Thursday, January 26, 2012

French Fridays: Gorgonzola-Apple Quiche

Gorgonzola-Apple Quiche
After a brief hiatus, I am back for this week's delectable addition to the quiche pantheon...Gorgonzola-Apple.  As mentioned in previous posts...eggs, cheese, etc, what's not to love?  And real men do eat quiche in this day and age, thank you very much.  We make it, too.  I was excited to make this recipe because this was the first time I have made home made tart least I think it was.  I say if you can't remember if you have or have not, it's new to you anyway so what's the difference?  Hard to believe that as much as I bake I have not really ventured into pies and tarts.  Of course, Edmund makes a killer crust for apple and cherry pies in the summer and fall months, so why mess with perfection?  
Gorgonzola dolce, a mild version of this blue cheese, is the
perfect companion to apples and onions.

I was a bit surprised that this recipe called for a sweet-ish crust, and personally I think if I do make this again I will reduce the sugar or leave it out of the crust altogether.  The onions, apples and gorgonzola blended so beautifully together to create a sweet, tangy and savory filling that, in my opinion, would be better matched to a more benign crust.  Oh, that crust, though.  Crisp, flaky and delicious on its own, it will be the base of many a tart to come, I am sure!
The actual making of the tart crust dough was very simple, but if you make this or any quiche or tart that requires a crust, build time in for chilling both right after mixed and once in the pan ready to go in to the oven.  

The filling required little more than a trip to the cheese counter and some light sauteeing of apples and onions.  I thought the gorgonzola dolce called for might be difficult to find, but there it was in the cooler at Whole Foods.  Yes, I bought too large a block, but trust me, cheese does not go bad in this house.  In fact, I think I have a loaf of sourdough with that leftover cheese's name on it.    Until next week, mes amis, bon apetit!
The quiche ready for the oven


Sunday, January 22, 2012

Phew! Weekend Cooking-Palooza

Chocolate eclairs...delicious, but almost too rich.  Powdered
sugar on top because my ganach glazing technique needs some work!

So, a weekend or two ago, Edmund, my husband, was leafing through Around My French Table and saw the recipe for Vanilla Eclairs.  Skinny as a rail and with a huge sweet tooth, this was his kind of dessert.  To him sugar is a food group all its own.  So, since the group had already tackled them I decided to give them a try.  OMG.  Unbelievably delicious, challenging and fun to make.  I had never made puff pastry before!  I enjoyed it so much that I thought I would try the chocolate variation yesterday.  They were rich to the point of decadence...almost too rich, really with the ganache AND the chocolate pastry cream filling.  I, personally have never understood when people say that a dessert is too rich...really?  I can usually eat my dessert and theirs when this is the case, but the bittersweet chocolate explosion that was the chocolate eclair made me understand their point.  I think next time I may try filling with either whipped cream, like a cream puff, or vanilla pastry cream and top with the chocolate ganache.  Our friend, Molly, suggested either a raspberry mousse filling with the ganache top or a raspberry glaze with chocolate filling.  Decisions, decisions.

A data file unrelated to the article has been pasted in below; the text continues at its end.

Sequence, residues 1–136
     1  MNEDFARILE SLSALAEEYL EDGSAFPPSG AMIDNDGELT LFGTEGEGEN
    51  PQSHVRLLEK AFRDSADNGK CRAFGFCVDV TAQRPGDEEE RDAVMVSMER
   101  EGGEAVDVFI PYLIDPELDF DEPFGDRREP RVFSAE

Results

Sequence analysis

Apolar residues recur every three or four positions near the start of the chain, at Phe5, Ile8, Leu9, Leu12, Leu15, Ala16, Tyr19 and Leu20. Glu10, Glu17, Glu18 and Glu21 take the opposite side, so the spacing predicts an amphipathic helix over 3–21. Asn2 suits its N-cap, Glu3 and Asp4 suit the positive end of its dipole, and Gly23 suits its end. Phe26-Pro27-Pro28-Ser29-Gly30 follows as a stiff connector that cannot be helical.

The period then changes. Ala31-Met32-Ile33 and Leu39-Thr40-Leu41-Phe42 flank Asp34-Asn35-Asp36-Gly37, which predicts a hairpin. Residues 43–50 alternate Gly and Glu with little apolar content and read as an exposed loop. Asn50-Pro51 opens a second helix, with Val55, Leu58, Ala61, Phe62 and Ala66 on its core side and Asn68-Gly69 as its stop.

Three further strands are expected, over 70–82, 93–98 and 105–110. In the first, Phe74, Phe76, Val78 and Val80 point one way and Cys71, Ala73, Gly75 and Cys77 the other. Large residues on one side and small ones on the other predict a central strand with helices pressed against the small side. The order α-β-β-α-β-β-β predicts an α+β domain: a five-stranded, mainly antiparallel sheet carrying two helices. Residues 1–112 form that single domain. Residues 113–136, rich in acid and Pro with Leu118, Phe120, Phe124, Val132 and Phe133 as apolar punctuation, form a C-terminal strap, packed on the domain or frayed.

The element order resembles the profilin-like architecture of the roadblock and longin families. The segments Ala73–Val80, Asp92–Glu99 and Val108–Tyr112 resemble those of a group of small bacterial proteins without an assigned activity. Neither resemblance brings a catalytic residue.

On Sundays I make our weekly recipe for the group, so today's recipe, Broth Braised Potatos, was accompanied by Short Ribs in Wine and Port, another recipe the group has already accomplished.  So much fun to make the short ribs.  The potatos, a snap.  More on those Friday.  I also made two loaves of bread...just regular old white sandwich bread, but since I started this blog one of my friends at work has asked me to make some for her.  As I said, a busy weekend.  Looking forward to some down time with Downton Abbey tonight.  Bon Apetit, mes amis.

Friday, January 20, 2012

French Fridays with Dorie-Quatre Quarts

Quatre quarts with homemade raspberry sauce and whipped cream

Light and surprisingly flavorful given its simplicity, quatre quart was this week's recipe for French Fridays with Dorie.  I chose to use Amaretto rather than cognac or rum for flavoring, and I am happy that I did.  The cake had that delicious almond flavor that was offset nicely by the raspberry sauce I made from some remnants of this past summer's berry crop.  Described as sort of a French version of pound cake, I was expecting a dense, rich cake, though the whipped egg whites seemed counter-intuitive to this way of thinking.   Drier and certainly lighter than pound cake, it's perfectly nice  but certainly lacks the wow-factor of the last several recipes in the series.  Definitely needs a saucy accompaniment.   My husband said it makes a great tea cake.   I did like the brown sugar baked in to the top of the cake,  It was a nice, textural addition. 

The top of the cake with the brown sugar baked in.  Yes, I used extra!

Friday, January 13, 2012

French Fridays With Dorie: M. Jacques' Armagnac Chicken

M. Jacques Armagnac Chicken-heaven in a Dutch oven